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Brenda WALTON, as Administratrix of the Estate of Judith Ann Priester, etc., Plaintiff–Appellant, v. David SOHN, M.D., Defendant–Respondent.

Decided: January 15, 2013

SAXE, J.P., RENWICK, FREEDMAN, ROMÁN, GISCHE, JJ. Alpert, Slobin & Rubenstein, LLP, Garden City (Lisa M. Comeau of counsel), for appellant. Ellenberg & Partners LLP, New York (Samir Patel of counsel), for respondent.

Order, Supreme Court, Bronx County (Stanley Green, J.), entered September 12, 2011, which granted defendant's motion to dismiss plaintiff's complaint as time-barred, unanimously affirmed, without costs.

Defendant met his burden on the motion by submitting evidence showing that plaintiff's claims relating to defendant's alleged failure to diagnose decedent's breast cancer were time-barred (see CPLR 214–a; Massie v. Crawford, 78 N.Y.2d 516, 519 [1991] ).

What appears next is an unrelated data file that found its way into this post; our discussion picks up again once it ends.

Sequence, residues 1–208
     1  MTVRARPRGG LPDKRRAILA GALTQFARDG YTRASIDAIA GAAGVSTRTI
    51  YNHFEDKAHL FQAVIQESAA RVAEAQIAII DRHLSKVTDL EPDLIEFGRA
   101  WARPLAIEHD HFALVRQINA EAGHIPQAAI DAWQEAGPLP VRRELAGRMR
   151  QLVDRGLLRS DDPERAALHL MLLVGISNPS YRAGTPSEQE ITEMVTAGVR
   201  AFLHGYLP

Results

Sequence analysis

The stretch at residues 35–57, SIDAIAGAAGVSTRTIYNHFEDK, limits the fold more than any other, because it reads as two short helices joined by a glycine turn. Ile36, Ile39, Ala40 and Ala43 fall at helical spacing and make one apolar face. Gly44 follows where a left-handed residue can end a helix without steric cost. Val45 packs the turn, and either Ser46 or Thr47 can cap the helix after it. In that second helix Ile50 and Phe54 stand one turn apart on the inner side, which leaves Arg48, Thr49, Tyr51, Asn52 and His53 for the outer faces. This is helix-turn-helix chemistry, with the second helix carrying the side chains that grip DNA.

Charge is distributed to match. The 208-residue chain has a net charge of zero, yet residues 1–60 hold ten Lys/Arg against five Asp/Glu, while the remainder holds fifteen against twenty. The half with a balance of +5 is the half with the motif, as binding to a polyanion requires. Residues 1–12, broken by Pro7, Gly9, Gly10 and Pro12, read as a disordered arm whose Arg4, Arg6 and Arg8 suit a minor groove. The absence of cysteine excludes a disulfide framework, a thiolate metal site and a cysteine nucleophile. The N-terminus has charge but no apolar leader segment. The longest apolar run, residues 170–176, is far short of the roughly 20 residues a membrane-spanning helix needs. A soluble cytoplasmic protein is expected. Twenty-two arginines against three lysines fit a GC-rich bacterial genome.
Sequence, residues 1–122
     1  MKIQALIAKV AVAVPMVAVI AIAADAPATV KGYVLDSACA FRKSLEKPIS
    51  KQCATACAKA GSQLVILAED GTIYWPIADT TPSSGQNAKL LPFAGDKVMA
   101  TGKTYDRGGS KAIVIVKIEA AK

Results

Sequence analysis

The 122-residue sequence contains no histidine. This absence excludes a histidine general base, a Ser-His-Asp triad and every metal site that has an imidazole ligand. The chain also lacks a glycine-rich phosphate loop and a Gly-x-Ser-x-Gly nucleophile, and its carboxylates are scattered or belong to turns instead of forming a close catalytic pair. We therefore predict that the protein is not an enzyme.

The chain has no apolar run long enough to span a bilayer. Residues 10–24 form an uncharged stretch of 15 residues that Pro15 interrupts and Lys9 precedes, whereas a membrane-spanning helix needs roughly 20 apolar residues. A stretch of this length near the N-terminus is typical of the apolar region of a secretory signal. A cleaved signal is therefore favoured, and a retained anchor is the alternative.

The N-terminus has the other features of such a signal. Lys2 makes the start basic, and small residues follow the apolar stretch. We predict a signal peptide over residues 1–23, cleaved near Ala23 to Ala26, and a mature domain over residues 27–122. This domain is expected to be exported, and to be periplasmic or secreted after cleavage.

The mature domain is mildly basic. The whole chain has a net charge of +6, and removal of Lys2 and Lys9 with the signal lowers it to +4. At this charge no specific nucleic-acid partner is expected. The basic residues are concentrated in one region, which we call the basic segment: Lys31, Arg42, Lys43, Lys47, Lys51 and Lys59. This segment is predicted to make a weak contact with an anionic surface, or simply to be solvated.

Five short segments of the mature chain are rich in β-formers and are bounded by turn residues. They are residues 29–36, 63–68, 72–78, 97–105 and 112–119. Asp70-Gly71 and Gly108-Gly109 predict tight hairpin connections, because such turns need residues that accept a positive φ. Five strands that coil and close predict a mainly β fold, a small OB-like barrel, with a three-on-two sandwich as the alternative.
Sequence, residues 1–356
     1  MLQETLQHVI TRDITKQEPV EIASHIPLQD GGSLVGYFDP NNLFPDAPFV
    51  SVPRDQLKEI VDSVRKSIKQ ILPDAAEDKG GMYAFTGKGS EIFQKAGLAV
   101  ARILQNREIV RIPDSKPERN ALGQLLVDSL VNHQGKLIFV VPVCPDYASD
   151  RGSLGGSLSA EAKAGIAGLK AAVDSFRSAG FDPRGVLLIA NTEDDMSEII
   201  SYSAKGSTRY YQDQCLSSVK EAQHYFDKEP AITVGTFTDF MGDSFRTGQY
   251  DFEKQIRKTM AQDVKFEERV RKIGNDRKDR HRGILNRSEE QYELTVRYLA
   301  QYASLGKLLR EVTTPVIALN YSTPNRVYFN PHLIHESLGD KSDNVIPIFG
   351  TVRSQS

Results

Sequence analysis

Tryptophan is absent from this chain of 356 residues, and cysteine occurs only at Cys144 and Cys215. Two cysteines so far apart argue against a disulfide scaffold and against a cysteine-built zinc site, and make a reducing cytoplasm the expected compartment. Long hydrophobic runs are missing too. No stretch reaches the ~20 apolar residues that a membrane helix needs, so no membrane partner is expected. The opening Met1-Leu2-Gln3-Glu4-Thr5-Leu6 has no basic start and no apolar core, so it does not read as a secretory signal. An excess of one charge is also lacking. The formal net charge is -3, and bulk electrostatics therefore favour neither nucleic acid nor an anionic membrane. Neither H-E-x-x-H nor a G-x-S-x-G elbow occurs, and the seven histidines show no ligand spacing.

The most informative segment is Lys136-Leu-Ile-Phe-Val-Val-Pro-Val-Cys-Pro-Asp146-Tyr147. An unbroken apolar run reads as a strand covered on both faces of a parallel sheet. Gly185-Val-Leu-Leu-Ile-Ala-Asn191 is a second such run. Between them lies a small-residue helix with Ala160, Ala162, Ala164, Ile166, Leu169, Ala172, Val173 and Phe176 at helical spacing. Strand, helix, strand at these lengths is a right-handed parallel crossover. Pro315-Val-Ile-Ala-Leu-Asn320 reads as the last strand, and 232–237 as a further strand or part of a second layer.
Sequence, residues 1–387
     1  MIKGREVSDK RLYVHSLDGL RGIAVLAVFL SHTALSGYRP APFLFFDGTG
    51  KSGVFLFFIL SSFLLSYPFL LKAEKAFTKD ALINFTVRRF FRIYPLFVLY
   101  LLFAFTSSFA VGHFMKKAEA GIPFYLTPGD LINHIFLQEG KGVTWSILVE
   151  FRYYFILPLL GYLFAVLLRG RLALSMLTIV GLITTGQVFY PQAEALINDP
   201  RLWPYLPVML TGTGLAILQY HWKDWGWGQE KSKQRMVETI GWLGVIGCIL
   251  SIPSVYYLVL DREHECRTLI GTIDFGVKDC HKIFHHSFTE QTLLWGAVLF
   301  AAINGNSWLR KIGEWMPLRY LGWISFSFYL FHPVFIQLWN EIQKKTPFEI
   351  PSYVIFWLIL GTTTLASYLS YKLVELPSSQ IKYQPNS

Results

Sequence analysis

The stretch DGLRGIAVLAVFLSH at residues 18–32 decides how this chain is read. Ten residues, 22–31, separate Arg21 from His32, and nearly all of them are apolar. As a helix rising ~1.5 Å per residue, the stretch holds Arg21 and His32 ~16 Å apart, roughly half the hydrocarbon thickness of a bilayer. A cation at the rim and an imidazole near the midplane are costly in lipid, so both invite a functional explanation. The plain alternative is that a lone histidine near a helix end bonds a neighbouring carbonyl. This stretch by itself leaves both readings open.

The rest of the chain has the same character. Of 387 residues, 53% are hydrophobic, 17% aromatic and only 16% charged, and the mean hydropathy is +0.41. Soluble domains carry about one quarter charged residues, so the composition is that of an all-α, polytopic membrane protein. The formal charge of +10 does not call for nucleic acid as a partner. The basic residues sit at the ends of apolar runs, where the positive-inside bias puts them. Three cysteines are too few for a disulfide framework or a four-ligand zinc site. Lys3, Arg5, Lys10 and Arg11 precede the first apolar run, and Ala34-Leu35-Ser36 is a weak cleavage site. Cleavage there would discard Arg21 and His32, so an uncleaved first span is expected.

In opposition, plaintiff failed to raise a triable issue of fact as to whether the statute of limitations was tolled by the continuous treatment doctrine (see Massie, 78 N.Y.2d at 519, 577 N.Y.S.2d 223, 583 N.E.2d 935). The record shows that, after decedent's diagnosis in December of 2004, she obtained all of her breast cancer related treatment from Memorial Sloan–Kettering Cancer Center (MSK), and her treatment with defendant was limited to general medical concerns, such as her high blood pressure. Although defendant was her admitting physician in June 2006, when she sought treatment at Our Lady of Mercy Medical Center for headaches, decedent declined to permit defendant to treat her for the cancer that had metastasized to her brain. Instead, she obtained a transfer back to MSK. Thus, not only was further treatment not “explicitly anticipated” by decedent and defendant (Rodriguez v. Mount Sinai Hosp., 96 A.D.3d 534, 535, 949 N.Y.S.2d 11 [1st Dept 2012], quoting Cox v. Kingsboro Med. Group, 88 N.Y.2d 904, 906–907 [1996] ), it was explicitly refused by decedent.

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